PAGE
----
When conducting fair lending regression analysis of underwriting, we are examining a sample of loan applications that were either approved or denied. The practice is to regress denial (y=1 if denied, 0=approved) on a target group indicator variable and other attributes upon which the loan decision should have been based.

Since the outcome variable being measured is dichotomous (all are either approved or denied), it is common for the functional form used for the parameter estimation to be what are called “non-linear” models such as Logit or Probit. Although the use of these models may be appropriate, the difficulty becomes interpretation. In reality, the estimated coefficients in these models are of little use except to tell whether a variable has a positive or negative effect.

Suppose the estimated target group coefficient is 0.8 and is statistically significant. This tells us a disparity *exists*, but the coefficient tells us nothing about the *magnitude* of potential discrimination. The interpretation, therefore, is not straightforward.

In the last two decades, Logit has emerged as the model of choice for underwriting regression analysis because it offers an easy solution to this problem. Through a simple transformation of the regression coefficient, the impact of the variables in the model can be assessed by what is known as the Odds Ratio.

The Odds Ratio can be generated during estimation by most regression packages (such as Stata or SAS). Although the Odds Ratio provides a simple solution for interpretation, it suffers from a number of flaws – it is difficult to interpret, can be severely distorted in samples where either of the two outcomes is common (i.e., above 90%), and it may not give an accurate indication of the number of customers actually effected and therefore the true impact.

The Odds Ratio compares the *odds* of the outcome being measured (approval or denial) for the target and control group. The interpretation is simplistic; if the Odds Ratio = 1.00 there is no disparate treatment across groups. If the Odds Ratio is > 1 or < 1 then the event is more/less likely between the groups.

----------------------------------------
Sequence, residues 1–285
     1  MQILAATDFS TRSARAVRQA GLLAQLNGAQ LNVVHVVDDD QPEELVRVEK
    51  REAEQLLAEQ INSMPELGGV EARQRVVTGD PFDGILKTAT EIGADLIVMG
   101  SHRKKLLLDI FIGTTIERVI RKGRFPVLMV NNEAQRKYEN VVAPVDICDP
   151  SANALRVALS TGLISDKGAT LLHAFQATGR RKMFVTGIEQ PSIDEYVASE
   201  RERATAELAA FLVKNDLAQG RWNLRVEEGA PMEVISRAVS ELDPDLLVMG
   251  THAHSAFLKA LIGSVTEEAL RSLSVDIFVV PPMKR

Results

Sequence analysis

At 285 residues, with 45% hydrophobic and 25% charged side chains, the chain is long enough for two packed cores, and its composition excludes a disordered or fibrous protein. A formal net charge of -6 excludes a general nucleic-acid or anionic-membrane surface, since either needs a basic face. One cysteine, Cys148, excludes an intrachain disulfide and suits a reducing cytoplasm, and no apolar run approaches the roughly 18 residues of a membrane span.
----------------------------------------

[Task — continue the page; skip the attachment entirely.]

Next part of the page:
As an example, if the target group were denied 25% of the time and control group 20% of the time the Odds Ratio would be 1.33. The way this would be commonly interpreted with respect to fair lending is that the odds of denial for target group applicants was 1.33 times that of the control group.

Although this provides interpretation of an otherwise meaningless coefficient, what is more meaningful is the difference in the rate of denial for each group which in this case is 5%.

One issue with the Odds Ratio is that many pairs of outcomes give the exact same Odds Ratio. For example, if the target group were denied at a rate of 5% and the control group 4%, the Odds Ratio would be also be 1.33 although the difference in the rate of denial was only 1% compared to 5%.

Additionally, denial rates of 10% and 7.7% (a 2.3% difference) and 50% and 42.9% (a 7.1% difference) would all produce *exactly the same Odds Ratio*. Note as well that the Odds Ratio of 1.33 does not tell us how many of the target group customers were actually impacted by the disparate treatment which makes it useless for evaluating or estimating restitution.

In addition, odds ratios get very large for extremely common or rare events, even when very few applicants are actually impacted. For example, denial rates of 2.5% vs. 0.5% yields an odds ratio of **5.103** despite only 2 applicants out of 100 being affected. Denial rates of 99.5% vs 97.5% yields the exact same Odds Ratio. However, denial rates of 60% vs. 30% (**a 30% disparity**) only yield an odds ratio of **3.5**. It is clear from this that the Odds Ratio can not only be misleading but has little, if any, economic meaning.

Instead of odds ratios, economists generally favor computing marginal effects. Marginal effects are simpler to interpret and understand, are not affected by extreme values, and give a direct measure of the number of affected applicants. For example, if denial rates for the two groups are 5% vs. 4% then the marginal effect is 1%.

This identifies directly the number of target group applicants impacted by potential disparate treatment. However, denial rates of 25% vs. 20.9% produce the exact same odds ratio even though it is clear that the number of applicants affected is much greater. Thus, marginal effects provide a much better and more informative statistic compared to odds ratios.

Finally, of note to CFPB supervised institutions, the CFPB also recognizes the limitations of the Odds Ratio in underwriting analyses compared to marginal effects. Some of their comments concerning this can be found starting on page 29 of the following bulletin: http://files.consumerfinance.gov/f/201510_cfpb_supervisory-highlights.pdf.